I also keep thinking about the following scenario: the latest declarations of our own Ron Ziegler, Mr Khalid Naciri (Communications Minister and government spokesman) are very worrying, because the explicit criticism made on the May 23rd demonstrations was that Al Adl and Left-wingers (he did not specify which ones, certainly not his own PPS party) manipulated the youth, and were also guilty of their lack of patriotism. After his blunt denial of any torture infrastructure at the Temara Compound, Minister Naciri only confirms his favourite line, which brands dissidents and ‘nihilists‘ as potentially traitors to the nation and fully-paid foreign agents.

When one considers the previous referendums, the late King Hassan II resorted more than often to this ‘Patriotism’ line (this seem to confirm what S. Johnson said about scoundrels and patriotism) to appease opposition parties and elicit their support for his constitutional projects. Istiqlal was more than often ready to do his bidding, but overall Koutla parties held steady, especially on the 1992 Referendum, but not so much on 1996. The subsequent Alternance was also the result of this alluring proposal to save the country. Former Prime Minister Abderrahamane Youssoufi -as well as his USFP party- still justify their compromise by stating that “Morocco was in danger“. All elements indicate the same old tricks will be used and followed by the gullible.

It’s a bit overconfident -and peculiar- of the Interior Minister to tell Members of Parliament about the project of holding elections straight after referendum (spare August for a Ramadanesque truce), and even more brazen, to call parliament in session ten days after elections. It means there’s strong confidence a government with a workable majority has been formed, or that the King stepped in and called for a National Unity government (a governmental consensus built around the new constitution, presumably). I don’t know why I keep thinking about this. Perhaps because for many mainstream politicians, Feb20 has shaken their monopoly over partisan politics, so they would only too obligingly gather and denounce the demonstrations as unpatriotic and revert back to the old accusations of  ‘Commies, Atheists, Faggots, Islamists and Pro-Polisario‘.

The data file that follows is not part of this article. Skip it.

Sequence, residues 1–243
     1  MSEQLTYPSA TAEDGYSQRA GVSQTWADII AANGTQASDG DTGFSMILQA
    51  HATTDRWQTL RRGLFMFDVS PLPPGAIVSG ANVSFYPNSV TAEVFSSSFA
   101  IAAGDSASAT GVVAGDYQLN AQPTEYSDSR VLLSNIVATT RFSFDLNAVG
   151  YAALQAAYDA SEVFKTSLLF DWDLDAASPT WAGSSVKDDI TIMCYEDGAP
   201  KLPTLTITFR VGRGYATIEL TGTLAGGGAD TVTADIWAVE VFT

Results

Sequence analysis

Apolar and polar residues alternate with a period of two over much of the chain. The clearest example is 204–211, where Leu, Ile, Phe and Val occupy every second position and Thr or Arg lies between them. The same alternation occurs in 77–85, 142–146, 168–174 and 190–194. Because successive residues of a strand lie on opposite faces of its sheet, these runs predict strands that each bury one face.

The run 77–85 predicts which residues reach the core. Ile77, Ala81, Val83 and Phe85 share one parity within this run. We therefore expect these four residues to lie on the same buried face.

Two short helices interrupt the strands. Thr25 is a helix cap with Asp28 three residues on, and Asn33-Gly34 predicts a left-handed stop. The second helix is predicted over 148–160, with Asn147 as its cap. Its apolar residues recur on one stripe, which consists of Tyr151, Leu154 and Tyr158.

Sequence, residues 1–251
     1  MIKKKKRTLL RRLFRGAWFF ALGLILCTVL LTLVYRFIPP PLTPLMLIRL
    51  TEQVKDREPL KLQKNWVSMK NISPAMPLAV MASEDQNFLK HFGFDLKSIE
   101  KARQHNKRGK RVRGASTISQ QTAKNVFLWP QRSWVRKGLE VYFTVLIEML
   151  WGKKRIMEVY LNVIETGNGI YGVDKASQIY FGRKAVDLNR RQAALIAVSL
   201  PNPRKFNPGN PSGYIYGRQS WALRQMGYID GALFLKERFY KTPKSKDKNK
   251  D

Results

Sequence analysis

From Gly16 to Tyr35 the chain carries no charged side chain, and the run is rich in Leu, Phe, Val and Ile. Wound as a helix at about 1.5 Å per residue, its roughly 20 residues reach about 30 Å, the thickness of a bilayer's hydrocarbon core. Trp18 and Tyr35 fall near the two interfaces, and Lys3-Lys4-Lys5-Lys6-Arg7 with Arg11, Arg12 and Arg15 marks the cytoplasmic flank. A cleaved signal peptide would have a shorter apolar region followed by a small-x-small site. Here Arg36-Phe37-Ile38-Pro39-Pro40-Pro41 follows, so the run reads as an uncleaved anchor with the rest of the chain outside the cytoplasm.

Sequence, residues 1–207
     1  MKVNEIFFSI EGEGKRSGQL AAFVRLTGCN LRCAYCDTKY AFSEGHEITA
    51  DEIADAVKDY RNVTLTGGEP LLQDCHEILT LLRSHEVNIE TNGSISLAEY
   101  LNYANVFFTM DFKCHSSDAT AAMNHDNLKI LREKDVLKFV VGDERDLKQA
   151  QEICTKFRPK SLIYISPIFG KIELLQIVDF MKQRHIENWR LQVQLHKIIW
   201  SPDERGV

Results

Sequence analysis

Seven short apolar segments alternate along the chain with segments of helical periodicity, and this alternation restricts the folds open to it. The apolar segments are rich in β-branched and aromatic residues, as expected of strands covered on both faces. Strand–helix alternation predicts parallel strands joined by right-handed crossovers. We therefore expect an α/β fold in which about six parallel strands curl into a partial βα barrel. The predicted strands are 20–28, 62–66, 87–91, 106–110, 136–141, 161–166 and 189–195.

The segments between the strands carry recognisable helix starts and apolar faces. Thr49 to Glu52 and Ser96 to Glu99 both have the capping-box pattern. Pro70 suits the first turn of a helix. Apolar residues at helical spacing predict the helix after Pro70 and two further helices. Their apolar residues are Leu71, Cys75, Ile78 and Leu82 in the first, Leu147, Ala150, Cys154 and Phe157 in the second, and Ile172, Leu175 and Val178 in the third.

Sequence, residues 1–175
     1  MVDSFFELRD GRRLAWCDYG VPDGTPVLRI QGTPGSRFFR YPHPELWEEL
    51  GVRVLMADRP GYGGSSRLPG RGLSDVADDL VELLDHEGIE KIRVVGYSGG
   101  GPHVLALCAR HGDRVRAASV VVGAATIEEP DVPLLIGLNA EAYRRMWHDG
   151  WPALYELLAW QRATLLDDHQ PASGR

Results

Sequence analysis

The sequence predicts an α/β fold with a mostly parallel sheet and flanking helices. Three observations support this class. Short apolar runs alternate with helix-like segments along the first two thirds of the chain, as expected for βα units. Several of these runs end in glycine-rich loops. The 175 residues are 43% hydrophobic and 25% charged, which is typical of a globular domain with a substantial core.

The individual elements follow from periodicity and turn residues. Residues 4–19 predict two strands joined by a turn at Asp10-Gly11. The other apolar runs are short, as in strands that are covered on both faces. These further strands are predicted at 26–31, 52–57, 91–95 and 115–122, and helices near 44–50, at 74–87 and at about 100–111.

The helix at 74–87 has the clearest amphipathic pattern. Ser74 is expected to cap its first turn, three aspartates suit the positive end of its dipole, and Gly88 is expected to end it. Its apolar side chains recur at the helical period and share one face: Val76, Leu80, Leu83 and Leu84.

Because of the security tightening, the old mantra of Fifth Column accusations will be yet again put to use to discredit the movement. Last Sunday, ordinary citizens stood idly by while demonstrators were beaten up. If things do get worse, the young people might be branded as traitors and lose whatever sympathy they might enjoy among the Silent Majority. This June will certainly turn out to be the moment of truth, both for the constitutional reform and Feb20’s future as an alternative movement.

Politics Away, Bring the Burlesque

I don’t feel like discussing politics today.